Nudibranchs can be hard to spot unless you know where to look! The most common is the hypselodoris picta which appear in early spring and then through the summer, but also look on the yellow sponges for the tiny yellow golden sponge snail, or under rocks for either berthela or madeira sea-slugs. Other species turn up including a blue 'midatlantic' nudibrach and the purpurea nudibrach!
The African Cuttlefish (Sepia officinalis)looks like a small hovercraft with it's pulsating 'skirt' and gentle motion, usually hovering a few cm above the bottom. Like the Octopus, it has the ability to quickly change it's colour to blend in with the background or flash messages to each other.
The common (or yellow) stingray (Dasyatis pastinaca)is found in the sandier areas of the reserve. In summer it is more commonly found at night, while in winter it comes into shallow areas to follow the spawning of smaller species, and to give birth to their young.
The Glass-Eye or Catalufa (Heteropriacanthus cruentatus) is one of the most striking fish in the marine reserve. Primarily nocturnal, they can be found in most of the caves in Arinaga during the day. Usually found at depths of 10m or more, where the shorter wavelengths of light have been absorbed, shining a torch, or using a flash on the camera is necessary to bring out the red colours of this nocturnal species.
The Round Stingray (Taeniura grabata) is often found in caves or under large rocks during the day. It is more of a grey/black than the lighter yellow stingray.
The Seahorse (hippocampus hippocampus) is very difficult to find, although they will often stay in a small area for a few weeks before moving on. The population has declined sharply over the last 50 years, and more actions are being taken to protect their habitat.
The Butterfly Ray (gymnura altavela) is very one of the largest rays in the canaries with a wingspan of up to 2m, but it's activities are mainly nocturnal. During the day, if we are lucky, we can find them asleep in the sand, they cover themselves with sand in the same way as angel sharks. If you are lucky enough to see one swimming it has a highly individual asynchronous finning motion where it uses the wings alternately.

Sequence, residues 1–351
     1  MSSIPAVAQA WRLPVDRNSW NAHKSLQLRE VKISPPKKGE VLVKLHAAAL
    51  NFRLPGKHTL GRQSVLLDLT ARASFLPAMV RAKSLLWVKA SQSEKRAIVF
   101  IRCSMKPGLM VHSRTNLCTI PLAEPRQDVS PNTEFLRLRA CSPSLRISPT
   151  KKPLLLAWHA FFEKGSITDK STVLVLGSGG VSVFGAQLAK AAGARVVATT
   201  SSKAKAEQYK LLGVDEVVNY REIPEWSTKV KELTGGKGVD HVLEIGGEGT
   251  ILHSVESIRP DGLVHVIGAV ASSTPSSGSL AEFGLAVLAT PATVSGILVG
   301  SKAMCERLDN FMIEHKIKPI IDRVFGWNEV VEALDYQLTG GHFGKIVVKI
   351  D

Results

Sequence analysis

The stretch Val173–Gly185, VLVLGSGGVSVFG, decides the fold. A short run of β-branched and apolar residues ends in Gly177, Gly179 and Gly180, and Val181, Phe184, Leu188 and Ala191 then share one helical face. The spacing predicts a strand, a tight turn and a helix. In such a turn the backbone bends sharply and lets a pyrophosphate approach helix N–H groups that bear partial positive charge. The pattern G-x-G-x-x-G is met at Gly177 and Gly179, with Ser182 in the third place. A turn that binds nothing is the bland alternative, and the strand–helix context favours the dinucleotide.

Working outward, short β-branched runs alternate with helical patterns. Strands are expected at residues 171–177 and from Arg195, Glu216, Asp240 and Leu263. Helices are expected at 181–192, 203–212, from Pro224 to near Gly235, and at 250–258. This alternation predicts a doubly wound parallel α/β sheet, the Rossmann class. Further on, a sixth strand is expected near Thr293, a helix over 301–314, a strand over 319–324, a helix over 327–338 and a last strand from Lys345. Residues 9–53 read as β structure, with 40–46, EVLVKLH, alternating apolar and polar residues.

The Grey Triggerfish (balistes capriscus) is a summer visitor to the el Cabrón area, and often seem to create a 'nest' area. They are quite curious and will approach divers, and swim very close to us, but if you get too close to their area they can be very aggressive and have been known to bite divers!
The Tiger Moray Eel (enchelycore anatina)is found throughout the reserve and is a favourite with photographers.
Morays are one of four types found in Arinaga and are very
common on the deeper dives around the Table Top.
Sorry! but with so many interesting creatures in Arinaga it was hard to keep to just 15... so we gave you a couple of extras! We could of course have included the Spiny pufferfish, eagle rays, bull rays or long-tailed rays; It is always great when we find a scrawled filefish, an adabe capitan and even the tiny pygmy file-fish on which we base our logo.. Yes there is lots that you can see here in Arinaga, so don't be persuaded that other sites in the area are a match for here, as nowhere else has the habitat diversity to encourage such a vibrant marine life.